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|January 13, 1999||
India refuses to accept regional non-proliferation
India has defended its efforts to develop a "minimum credible nuclear deterrence" to ensure reasonable security, asserting that this right is "non-negotiable".
T P Sreenivasan, deputy chief of mission in the Indian embassy, said at the seventh Carnegie International Non-Proliferation Conference in Washington yesterday: "In carrying out the [nuclear] tests in May 1998, India did not violate any international agreement, but merely underscored the point that, if some nuclear powers are here to stay, including those in our immediate neighbourhood, then India has no choice but to maintain its minimal, assured nuclear/missile capabilities."
"Since nuclear weapons are global in scope, we do not accept a contrived so-called South Asian regional non-proliferation regime," he added.
Earlier, Ambassador Sha Zukan, director-general of the department of arms control and disarmament in China's foreign ministry, said, "It is a direct violation of the UN Security Council resolution 1172 [on India's nuclear tests] to negotiate, or even to discuss, with India on India's so-called nuclear deterrence capability."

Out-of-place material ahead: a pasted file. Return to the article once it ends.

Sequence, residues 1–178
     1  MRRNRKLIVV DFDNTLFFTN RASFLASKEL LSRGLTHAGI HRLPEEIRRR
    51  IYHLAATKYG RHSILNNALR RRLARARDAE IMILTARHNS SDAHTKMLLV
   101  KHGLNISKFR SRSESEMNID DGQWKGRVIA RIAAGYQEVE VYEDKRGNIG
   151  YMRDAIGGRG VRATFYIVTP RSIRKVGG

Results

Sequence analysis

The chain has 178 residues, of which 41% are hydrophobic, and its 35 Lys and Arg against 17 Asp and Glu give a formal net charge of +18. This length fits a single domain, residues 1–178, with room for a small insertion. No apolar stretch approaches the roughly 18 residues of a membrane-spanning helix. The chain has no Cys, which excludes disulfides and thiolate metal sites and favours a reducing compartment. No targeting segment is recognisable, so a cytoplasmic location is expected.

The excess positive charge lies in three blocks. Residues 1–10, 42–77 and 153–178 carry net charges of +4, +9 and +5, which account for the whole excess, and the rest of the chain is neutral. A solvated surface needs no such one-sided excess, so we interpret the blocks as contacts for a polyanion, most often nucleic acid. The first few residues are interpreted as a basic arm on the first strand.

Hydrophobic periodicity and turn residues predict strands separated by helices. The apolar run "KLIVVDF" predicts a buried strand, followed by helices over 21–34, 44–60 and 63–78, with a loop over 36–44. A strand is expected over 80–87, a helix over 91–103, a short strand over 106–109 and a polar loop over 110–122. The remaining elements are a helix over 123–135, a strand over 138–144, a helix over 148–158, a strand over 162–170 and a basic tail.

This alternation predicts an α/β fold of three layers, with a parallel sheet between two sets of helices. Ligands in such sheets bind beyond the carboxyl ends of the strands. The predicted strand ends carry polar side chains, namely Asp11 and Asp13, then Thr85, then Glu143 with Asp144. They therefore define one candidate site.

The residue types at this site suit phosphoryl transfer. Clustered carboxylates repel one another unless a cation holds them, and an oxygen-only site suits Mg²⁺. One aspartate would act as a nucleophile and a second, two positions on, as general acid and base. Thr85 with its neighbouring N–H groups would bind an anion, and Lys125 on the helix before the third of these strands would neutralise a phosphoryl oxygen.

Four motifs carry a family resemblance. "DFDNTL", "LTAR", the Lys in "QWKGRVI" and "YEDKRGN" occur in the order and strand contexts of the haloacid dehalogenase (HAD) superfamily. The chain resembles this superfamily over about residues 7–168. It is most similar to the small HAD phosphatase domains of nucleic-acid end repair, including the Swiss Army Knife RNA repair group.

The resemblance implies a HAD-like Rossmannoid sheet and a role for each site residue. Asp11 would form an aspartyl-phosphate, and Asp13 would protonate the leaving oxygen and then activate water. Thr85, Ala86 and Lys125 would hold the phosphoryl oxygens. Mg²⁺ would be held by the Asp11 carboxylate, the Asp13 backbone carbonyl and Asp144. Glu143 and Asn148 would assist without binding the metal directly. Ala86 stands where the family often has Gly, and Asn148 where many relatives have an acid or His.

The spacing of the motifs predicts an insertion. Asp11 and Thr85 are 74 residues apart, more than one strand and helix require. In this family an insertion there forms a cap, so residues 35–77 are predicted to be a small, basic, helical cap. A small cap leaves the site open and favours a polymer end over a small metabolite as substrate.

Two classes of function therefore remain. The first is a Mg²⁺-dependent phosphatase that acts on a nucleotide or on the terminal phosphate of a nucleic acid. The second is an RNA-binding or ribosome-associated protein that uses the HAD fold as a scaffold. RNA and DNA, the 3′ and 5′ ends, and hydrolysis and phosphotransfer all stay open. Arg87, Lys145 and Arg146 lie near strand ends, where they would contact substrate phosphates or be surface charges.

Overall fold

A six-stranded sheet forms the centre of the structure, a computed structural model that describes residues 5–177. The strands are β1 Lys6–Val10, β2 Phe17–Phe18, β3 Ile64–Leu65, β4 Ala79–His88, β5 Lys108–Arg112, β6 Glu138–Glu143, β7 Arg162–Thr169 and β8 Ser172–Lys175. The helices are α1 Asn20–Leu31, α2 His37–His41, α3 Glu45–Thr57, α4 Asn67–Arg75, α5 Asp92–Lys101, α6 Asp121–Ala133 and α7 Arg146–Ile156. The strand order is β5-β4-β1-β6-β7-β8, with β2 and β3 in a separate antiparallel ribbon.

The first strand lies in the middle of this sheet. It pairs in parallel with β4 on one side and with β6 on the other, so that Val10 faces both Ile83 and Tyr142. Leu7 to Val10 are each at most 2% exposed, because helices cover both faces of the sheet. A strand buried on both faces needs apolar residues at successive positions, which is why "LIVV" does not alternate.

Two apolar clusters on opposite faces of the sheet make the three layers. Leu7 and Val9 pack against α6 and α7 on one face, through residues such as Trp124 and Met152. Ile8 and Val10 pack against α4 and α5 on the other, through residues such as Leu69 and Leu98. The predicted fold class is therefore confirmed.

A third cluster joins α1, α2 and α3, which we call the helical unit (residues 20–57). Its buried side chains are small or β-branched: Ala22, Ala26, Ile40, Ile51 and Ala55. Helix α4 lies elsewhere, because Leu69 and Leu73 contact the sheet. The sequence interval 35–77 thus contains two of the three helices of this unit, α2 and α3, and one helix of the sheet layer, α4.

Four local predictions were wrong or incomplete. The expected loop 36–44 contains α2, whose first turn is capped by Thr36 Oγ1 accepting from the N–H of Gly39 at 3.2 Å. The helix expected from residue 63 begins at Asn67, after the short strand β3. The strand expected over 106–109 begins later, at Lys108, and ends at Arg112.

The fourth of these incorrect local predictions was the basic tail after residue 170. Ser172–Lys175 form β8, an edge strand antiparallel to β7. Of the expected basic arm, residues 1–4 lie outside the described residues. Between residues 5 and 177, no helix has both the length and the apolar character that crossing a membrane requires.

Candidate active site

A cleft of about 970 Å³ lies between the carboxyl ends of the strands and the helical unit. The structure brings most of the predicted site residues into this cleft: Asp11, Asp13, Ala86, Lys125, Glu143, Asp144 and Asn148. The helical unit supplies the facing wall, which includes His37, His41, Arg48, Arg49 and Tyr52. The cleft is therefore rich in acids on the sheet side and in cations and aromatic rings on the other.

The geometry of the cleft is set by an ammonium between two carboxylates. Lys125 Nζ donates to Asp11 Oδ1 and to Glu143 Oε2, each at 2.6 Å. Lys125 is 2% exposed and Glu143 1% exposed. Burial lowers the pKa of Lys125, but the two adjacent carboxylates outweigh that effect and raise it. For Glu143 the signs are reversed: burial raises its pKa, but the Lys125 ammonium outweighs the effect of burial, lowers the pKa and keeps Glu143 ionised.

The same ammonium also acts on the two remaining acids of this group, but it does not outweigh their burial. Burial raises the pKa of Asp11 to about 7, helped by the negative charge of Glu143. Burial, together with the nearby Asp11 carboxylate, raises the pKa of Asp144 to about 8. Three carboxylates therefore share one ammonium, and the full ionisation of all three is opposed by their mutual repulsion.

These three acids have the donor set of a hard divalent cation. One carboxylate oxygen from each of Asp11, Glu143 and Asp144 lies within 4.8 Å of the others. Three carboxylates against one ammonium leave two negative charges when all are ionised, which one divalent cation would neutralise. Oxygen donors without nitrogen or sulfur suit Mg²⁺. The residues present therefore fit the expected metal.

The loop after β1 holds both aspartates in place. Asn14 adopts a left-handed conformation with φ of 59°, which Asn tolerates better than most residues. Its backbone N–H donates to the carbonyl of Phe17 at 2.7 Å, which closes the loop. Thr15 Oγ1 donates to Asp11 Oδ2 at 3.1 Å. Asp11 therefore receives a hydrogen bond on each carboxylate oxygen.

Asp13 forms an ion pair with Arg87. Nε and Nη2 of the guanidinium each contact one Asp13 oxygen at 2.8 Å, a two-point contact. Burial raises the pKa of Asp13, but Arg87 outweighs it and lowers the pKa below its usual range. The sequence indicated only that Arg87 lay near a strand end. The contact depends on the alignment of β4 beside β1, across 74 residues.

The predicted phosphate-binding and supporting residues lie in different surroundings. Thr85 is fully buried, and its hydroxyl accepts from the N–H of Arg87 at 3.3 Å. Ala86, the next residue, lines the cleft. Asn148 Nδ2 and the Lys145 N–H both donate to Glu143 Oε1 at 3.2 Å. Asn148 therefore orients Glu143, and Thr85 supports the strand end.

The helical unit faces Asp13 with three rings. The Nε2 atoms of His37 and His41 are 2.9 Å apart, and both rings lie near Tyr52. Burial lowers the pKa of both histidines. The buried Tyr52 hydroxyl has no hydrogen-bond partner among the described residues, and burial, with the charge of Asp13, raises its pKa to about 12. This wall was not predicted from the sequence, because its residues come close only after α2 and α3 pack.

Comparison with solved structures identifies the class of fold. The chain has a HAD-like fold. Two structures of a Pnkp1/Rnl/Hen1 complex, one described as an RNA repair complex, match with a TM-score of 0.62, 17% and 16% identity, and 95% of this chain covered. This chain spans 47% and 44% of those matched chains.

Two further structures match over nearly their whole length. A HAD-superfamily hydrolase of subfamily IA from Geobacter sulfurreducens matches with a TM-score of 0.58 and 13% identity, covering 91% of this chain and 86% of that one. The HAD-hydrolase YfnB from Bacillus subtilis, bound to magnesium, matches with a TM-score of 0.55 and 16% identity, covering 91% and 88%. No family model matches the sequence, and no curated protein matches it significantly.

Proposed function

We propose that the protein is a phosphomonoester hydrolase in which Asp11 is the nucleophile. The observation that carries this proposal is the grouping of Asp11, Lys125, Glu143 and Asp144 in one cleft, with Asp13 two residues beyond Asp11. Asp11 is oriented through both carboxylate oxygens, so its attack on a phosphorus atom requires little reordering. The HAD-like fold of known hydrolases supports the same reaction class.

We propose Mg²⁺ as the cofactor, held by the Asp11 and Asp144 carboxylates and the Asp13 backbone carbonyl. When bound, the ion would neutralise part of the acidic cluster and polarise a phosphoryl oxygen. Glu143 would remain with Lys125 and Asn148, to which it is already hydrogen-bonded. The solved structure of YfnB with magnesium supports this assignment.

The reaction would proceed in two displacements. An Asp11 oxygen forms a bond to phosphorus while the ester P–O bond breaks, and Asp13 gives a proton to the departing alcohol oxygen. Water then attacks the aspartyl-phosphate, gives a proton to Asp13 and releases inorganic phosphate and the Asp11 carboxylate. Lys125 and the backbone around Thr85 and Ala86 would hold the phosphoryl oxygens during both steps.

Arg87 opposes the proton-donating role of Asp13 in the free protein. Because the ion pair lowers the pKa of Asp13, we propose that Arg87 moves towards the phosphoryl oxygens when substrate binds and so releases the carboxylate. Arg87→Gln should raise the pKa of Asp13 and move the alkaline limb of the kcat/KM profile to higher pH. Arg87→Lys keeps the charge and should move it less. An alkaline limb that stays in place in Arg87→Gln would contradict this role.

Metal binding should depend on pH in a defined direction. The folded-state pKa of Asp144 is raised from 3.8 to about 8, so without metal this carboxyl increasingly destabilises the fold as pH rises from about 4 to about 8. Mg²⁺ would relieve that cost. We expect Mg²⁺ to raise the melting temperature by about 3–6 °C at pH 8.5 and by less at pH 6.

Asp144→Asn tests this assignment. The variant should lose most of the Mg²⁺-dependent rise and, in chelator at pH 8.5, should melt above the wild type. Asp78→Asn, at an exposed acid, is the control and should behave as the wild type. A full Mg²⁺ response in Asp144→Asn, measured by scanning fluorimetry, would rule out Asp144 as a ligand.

"It is also unhelpful to publicly support India's permanent membership in the UN Security Council soon after its nuclear tests," he added.
Ambassador Sha said the non-proliferation regime was hit the hardest by India's and Pakistan's tests and it is of vital importance that further proliferation of nuclear weapons be prevented.
"To this end, first and foremost, we must exert all our efforts to stop and reverse the nuclear development programmes of India and Pakistan," he said. "If the international community could take effective measures to stop or even reverse the two countries' nuclear development programmes, the authority and vitality of the international nuclear non-proliferation regime will be immeasurably enhanced."
Sha said the international community, especially the major powers, must have a consensual view and take concerted action on this matter.
There was also some controversy whether India is willing to sign the Comprehensive Test Ban Treaty.
When Sreenivasan was asked to explain the position, he quoted Prime Minister A B Vajpayee: India is now engaged in discussions with key interlocutors on a range of issues, including the CTBT. We are prepared to bring these discussions to a successful conclusion, so that the entry into force of the CTBT is not delayed beyond September 1999.
Assistant Secretary of State Robert Einhorn said the United States had no private assurance on the subject beyond Vajpayee's public statement. "We take it as an intent to sign the CTBT," he added.
He also gave details of the American position in the talks between the two countries on the matter.
Shahid Kamal, deputy chief of mission in the Pakistani embassy in Washington, blamed India for his country's tests.
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